Why Russia Won’t Join NATO


Obviously, Russia can’t join NATO. Russia is the biggest single reason why there is a NATO. If Russia joined NATO, who would NATO be protecting us from?

It’s a good question. But let’s consider Russia’s perspective. Let’s say you are Vladimir Putin, president of the world’s largest country — and a sprawling country at that, spanning six thousand miles. In all that vast territory, where is your greatest vulnerability? Where are you most likely to have land taken from you?

Well, the answer is not on the European frontier. Yes, the Americans have been rubbing your nose in it, using your Ukraine adventure as an excuse to introduce troops right up against your border. But nobody on Earth thinks that NATO is going to invade Russia.

Another question. Let’s suppose you are Xi Jinping, president of China. You have 1.3 billion constituents. They want jobs. They want kids. They are jammed into a relatively small space, and they have trashed it. What can you do about this?

The headlines would seem to suggest that Xi is responding to that situation by claiming the South China Sea. And yes, there are resources there. There is money to be made. But there is no space for new homes. The South China Sea does not offer Lebensraum.

If you are Xi, you want Siberia. Not only resources, but also land, fresh water, and living space. And if you are Putin, you know that’s what Xi wants. And even if you didn’t know it, you would know that, as we speak, Chinese people continue to stream across the border, steadily and illegally, into the empty spaces of Siberia.

Putin himself used that kind of minority presence, Russians in east Ukraine, as an excuse to attack. Jacobs (New York Times, 2015) points out that Chinese leaders could do likewise, arguing that their people in Siberia need protection provided by their own kind. It would just require an excuse, an event or situation arguably warranting intervention. That excuse comes nearer every day, as the Chinese minority in Siberia grows.

Yes, Putin has nukes, with which he could defend Siberia. But then, so does China. Nuclear weapons have tended to be more powerful in the threat than in the delivery. Short of that, there is not much Putin can do about the situation. If he could fix it with his army or his border patrol, he would have done so by now. Unfortunately for him, border guards are not going to change the fact that the Chinese population density south of the border is ten times that of Russians north of the border.

China does not presently enjoy the military advantage it would prefer for a forcible intervention in Siberia. So while it grows its armed forces in preparation, it needs a rationale, a focus for its buildup, a visible foe on which its generals and nationalists can concentrate their attention — an opponent worthy of the weaponry that China will need to tackle Siberia. It looked for a while like Japan might be that foe, and of course Taiwan has always been an emotional issue; but only the U.S. can supply the justification for a really large military investment.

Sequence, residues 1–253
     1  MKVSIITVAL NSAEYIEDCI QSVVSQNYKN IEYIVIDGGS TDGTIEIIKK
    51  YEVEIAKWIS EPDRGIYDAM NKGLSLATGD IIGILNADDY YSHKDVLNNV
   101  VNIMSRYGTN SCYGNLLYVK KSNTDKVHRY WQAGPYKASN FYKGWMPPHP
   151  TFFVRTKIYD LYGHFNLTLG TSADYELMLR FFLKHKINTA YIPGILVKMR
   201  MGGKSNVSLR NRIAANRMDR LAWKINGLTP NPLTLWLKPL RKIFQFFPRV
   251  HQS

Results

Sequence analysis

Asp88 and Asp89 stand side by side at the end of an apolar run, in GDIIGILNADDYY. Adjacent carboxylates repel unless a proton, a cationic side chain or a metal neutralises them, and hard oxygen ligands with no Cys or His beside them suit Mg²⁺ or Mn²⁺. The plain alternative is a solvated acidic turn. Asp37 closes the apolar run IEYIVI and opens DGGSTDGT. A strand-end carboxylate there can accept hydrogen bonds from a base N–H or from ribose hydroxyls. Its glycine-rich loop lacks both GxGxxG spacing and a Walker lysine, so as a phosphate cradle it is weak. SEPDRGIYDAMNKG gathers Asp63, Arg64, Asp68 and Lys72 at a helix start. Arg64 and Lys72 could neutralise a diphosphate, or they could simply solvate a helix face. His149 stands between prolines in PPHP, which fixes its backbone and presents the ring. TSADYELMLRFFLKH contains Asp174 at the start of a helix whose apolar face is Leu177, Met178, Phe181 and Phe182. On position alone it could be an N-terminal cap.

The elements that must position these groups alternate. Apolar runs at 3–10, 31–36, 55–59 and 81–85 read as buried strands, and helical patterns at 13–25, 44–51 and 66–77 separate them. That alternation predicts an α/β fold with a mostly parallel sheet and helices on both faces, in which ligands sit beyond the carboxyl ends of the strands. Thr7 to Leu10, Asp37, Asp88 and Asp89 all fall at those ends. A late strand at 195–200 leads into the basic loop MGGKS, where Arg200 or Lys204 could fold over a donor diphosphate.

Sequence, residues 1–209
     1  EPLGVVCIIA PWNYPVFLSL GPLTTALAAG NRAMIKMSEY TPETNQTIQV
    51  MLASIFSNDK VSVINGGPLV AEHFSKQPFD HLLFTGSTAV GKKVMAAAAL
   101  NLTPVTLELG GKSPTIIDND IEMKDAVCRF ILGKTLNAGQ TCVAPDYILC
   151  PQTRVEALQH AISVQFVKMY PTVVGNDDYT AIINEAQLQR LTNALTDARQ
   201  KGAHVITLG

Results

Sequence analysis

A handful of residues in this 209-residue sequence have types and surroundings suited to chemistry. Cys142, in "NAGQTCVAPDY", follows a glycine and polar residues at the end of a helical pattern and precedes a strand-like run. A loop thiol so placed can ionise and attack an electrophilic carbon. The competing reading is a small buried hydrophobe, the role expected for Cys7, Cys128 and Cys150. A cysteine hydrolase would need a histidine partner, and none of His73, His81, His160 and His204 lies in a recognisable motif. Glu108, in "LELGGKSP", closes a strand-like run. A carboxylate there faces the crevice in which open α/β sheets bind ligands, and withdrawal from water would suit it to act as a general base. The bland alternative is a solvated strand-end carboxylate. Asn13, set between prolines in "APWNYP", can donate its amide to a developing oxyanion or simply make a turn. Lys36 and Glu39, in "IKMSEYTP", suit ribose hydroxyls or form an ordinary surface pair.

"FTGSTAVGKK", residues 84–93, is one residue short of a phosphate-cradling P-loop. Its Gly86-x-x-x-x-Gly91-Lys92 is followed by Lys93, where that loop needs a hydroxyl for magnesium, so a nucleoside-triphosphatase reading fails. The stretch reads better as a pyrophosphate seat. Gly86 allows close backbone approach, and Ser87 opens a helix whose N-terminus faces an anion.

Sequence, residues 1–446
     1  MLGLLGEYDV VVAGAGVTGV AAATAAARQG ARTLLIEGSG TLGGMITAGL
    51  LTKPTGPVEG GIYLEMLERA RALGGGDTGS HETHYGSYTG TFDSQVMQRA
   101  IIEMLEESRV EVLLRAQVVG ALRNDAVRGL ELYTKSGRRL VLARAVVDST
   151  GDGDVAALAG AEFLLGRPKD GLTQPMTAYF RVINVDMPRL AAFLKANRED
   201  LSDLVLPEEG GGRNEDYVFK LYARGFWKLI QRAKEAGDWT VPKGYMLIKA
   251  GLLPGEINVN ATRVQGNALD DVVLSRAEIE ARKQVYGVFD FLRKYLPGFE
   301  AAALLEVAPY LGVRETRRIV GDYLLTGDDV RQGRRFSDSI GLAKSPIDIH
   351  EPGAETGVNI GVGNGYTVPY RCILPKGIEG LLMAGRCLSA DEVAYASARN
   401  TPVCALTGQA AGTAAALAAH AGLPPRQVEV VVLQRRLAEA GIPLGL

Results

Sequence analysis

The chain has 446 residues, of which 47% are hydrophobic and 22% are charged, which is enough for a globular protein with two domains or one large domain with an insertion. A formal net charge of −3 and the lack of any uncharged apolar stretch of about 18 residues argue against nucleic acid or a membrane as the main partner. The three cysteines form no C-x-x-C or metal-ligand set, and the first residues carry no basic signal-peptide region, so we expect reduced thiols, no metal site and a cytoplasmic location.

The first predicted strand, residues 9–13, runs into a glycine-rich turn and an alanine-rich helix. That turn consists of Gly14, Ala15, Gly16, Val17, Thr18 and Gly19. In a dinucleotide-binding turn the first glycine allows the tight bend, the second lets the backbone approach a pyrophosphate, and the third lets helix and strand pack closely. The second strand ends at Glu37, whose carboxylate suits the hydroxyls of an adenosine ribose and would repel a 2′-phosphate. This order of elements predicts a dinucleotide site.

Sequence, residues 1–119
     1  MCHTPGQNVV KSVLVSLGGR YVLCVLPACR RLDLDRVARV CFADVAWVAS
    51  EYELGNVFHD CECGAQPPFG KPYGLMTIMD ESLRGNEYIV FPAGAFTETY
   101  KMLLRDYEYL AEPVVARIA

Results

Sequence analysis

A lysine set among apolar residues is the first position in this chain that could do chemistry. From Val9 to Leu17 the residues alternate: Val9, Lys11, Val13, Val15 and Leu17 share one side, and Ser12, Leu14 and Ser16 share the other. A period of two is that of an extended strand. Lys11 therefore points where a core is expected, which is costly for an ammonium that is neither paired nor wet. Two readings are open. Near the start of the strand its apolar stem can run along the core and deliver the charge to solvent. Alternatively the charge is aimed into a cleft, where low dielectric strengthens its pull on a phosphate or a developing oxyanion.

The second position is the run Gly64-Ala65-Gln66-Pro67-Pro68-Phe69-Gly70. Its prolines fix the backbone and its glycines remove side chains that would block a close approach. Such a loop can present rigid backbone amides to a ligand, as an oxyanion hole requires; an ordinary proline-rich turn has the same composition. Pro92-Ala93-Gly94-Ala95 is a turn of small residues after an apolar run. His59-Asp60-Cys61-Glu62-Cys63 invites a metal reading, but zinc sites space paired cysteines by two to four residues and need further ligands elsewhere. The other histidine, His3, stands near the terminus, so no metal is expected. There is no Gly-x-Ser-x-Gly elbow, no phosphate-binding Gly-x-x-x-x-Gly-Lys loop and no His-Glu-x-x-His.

It was not always clear how the U.S. would make itself the target of Chinese military effort. Of course, the U.S. has been a superpower, and that invites some targeting in itself. But Obama’s pivot to Asia made it more visceral. A patent effort to assemble allies encircling China has provided a compelling narrative: China needs a military capable of standing up to the United States. And yet, at times, it certainly appears that the Chinese leadership wants the U.S. to stick around and continue to serve as provocateur.

There is a price for Xi’s stretch into the South China Sea. He is driving many of his southern neighbors closer to an alignment with the U.S. But in the end, the U.S. is not going to war for Vietnam or the Philippines. China’s power and proximity will ultimately incline those neighbors toward compromise rather than confrontation.

There may be some fooling around and shooting in the Spratleys, but eventually it will be clear that this is not a sufficient rationale for a world-class ground and air force. Right now, that fact is not so visible; people are not intently asking where, exactly, China intends to use all those drones and other armaments that will surely prove irrelevant to any naval conflict in the tropics.

Not that it hurts China militarily to develop airfields and naval bases on Scarborough Shoal and elsewhere down there. And the tanks and drones can help to intimidate neighbors all ’round. But the expansionist and increasingly aggressive tone of Chinese policy and public opinion will not be satisfied with seizure of a few coral reefs. These people are demanding red meat for dinner.

In this environment, the last thing Putin wants is to paint a target on himself by signaling Russian solidarity with white America. Russia obviously will not be invited to join NATO but, more to the point, doing so (even if it could) would remind the Chinese public of their nation’s longstanding historical grievances toward Russia. Better to let Siberia rot away slowly, from a Russian demographic perspective, than to draw the issue into sharp focus through aggressive border policing.

So it behooves Putin to stick his thumb in Obama’s eye, now and then. Like Xi’s bases in the southern sea, Putin’s adventures in Syria and elsewhere have their payoffs — they keep his military in practice, for example; they burnish Putin’s credibility as a military wildcard; and they say that Russia is no collaborator in any American encirclement of China. Putin would surely hope that such encirclement would succeed, but he cannot be a participant until China makes its move. And so, for a while longer, NATO will remain a primarily anti-Russian enterprise.


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